Annie McIntyre - Killed in the fire
Cincinnati Enquirer - May 23, 1885

Cincinnati Death Index Card - John Sullivan listed as died from "accidental injuries at 6th St fire"

Cincinnati Death Index Card - Lizzie Meyer - Death also listed as accident at 6th St fire

John J. Sullivan
Cincinnati Enquirer - April 09, 1897

               John J. Sullivan, proprietor of the Sullivan Printing Company - After the fire Sullivan moved his business to a building at the intersection of Court & Broadway.  Sullivan also was active politically.  A friend of George Cox, Sullivan was appointed to serve on the Board of Supervisors - In September 1901 Sullivan was riding on the tailboard of a streetcar with his friend and former Mayor John Mosby.  As the car passed over a narrow bridge his coat snagged on a large bolt pulling him from the running board.  He was tossed over the railing and fell 25 feet to the rocky creek bottom where he broke his neck.  A doctor traveling in his company reached him quickly but he was pronounced dead at the scene of the accident.

Cincinnati Death Index Card - John J Sullivan - Killed in fall from street car

Post Update - Another image of the 6th Street fire found:
Frank Leslie's Illustrated Newspaper - The Cincinnati Catastrophe - 30 May 1885

Post Update 27 Oct 2014:  1885 Company Diary Entries

Engine Co.15 Company Diary
Sullivan Printing Co Fire - Entry on 21 May
Courtesy Cincinnati Fire Museum

Ladder Co.6 Company Diary
Sullivan Printing Co Fire - Entry 21 May
Notes: "A number of persons killed at Box36"
Courtesy Cincinnati Fire Museum


History of the Cincinnati Fire Department - 1895 - Publication of the Firemen's Protective Association
Cincinnati Enquirer - May 22, 1885 - A Hell Awful Tragedy of Fire
Chicago Tribune - May 22, 1885 - A Veritable Death Trap
New York Times - May 22, 1885 - Fourteen Girls Perish Burned to Death in Cincinnati
Louisville Courier Journal - May 22, 1885 - Sacrificed Awful Destruction of Life by a Fire at Cincinnati
Cincinnati Enquirer - May 23, 1885 - The Death Trap A Review of Thursdays Horror
Cincinnati Enquirer - May 24, 1885 - End of a Memorable Day of Funerals
Cincinnati Enquirer - May 25, 1885 - Fire Echoes Funeral of Katie Lowry
Cincinnati Enquirer - May 26, 1885 - Concluded Inquest Sullivan Fire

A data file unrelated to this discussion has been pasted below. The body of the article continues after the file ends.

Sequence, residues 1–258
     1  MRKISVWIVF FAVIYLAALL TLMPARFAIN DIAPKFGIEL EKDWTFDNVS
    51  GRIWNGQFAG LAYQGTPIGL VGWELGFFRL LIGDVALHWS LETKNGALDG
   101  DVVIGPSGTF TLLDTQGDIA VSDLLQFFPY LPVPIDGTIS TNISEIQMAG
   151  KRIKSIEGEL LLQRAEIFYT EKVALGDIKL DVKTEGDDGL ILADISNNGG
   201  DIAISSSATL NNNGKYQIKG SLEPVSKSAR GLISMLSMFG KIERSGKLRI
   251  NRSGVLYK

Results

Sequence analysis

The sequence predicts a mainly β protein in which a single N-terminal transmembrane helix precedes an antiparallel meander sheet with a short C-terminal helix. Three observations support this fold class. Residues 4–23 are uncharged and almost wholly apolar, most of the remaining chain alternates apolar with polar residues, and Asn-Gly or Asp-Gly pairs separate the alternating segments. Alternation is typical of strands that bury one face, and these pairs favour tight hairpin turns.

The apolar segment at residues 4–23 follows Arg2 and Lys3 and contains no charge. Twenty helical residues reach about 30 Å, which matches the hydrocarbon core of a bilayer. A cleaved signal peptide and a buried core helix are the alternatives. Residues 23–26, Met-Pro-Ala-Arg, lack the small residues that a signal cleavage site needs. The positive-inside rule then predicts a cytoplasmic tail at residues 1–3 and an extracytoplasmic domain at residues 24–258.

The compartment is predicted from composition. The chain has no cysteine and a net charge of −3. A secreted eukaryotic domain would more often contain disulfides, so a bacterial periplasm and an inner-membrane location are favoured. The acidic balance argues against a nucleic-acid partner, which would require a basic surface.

Cincinnati Enquirer - May 27, 1885 - The Coroners Verdict
Cincinnati Enquirer - September 27, 1885 - 6th Street Fire Damage Suits as a Result
Cincinnati Enquirer - September 26, 1901 - Toppled to Death John J Sullivan
Cincinnati Enquirer - September 28, 1901 - Splendid Display of Heroism By Colored Man
University of Cincinnati - Rare Books Archive & Library - Death Index Cards

Special Thanks

A special thanks to those people who have helped to gather sources for this inaugural blog post as well as those who offered advice in building the page:
B.Houston (CFD)
J.Stelter (CFD)

Friday, May 16, 2014

The New Cincinnati Fire Department History Blog


Welcome to the new

Cincinnati Fire Department History blog!!!

Engine Co.6 - Pendleton Firehouse - 24 July 1909 - Photo: K.Wright Collection - More information on this location found at:
I have been researching the history of the Cincinnati Fire Department with the intention of writing a book on that subject.  Currently the only written history of the fire department covers its earliest beginnings through the summer of 1895.  Unfortunately if you have any interest in learning about more modern aspects of the departments history there is a limited number of places to turn.  Several photo books have been published and of course there is newspaper microfilm.  These are all great resources that convey some of the departments history but they are not an intensive research based study of the history of the department and the major events and changes that have shaped its growth and development.  As I have progressed with my research I regularly encounter many fascinating stories that would be of interest to anyone with a love for this subject.  Some of these stories would be covered in an well researched written history while others would simply not be able to be included in any detail.  This blog is my solution to finding a way to share some of these interesting stories.  I hope to make regular posts to this blog and I draw on the research material that is publicly available via the University of Cincinnati, the Cincinnati Historic Society, The Cincinnati Fire Museum, and the Public Library, among others.  I also rely on the generous contributions of people who have great private collections of memorabilia and research material.  I thank all of these people and places for the access that makes this project possible.  We are fortunate in this town to have so many individuals and institutions that appreciate the past in a manner that aids in its preservation.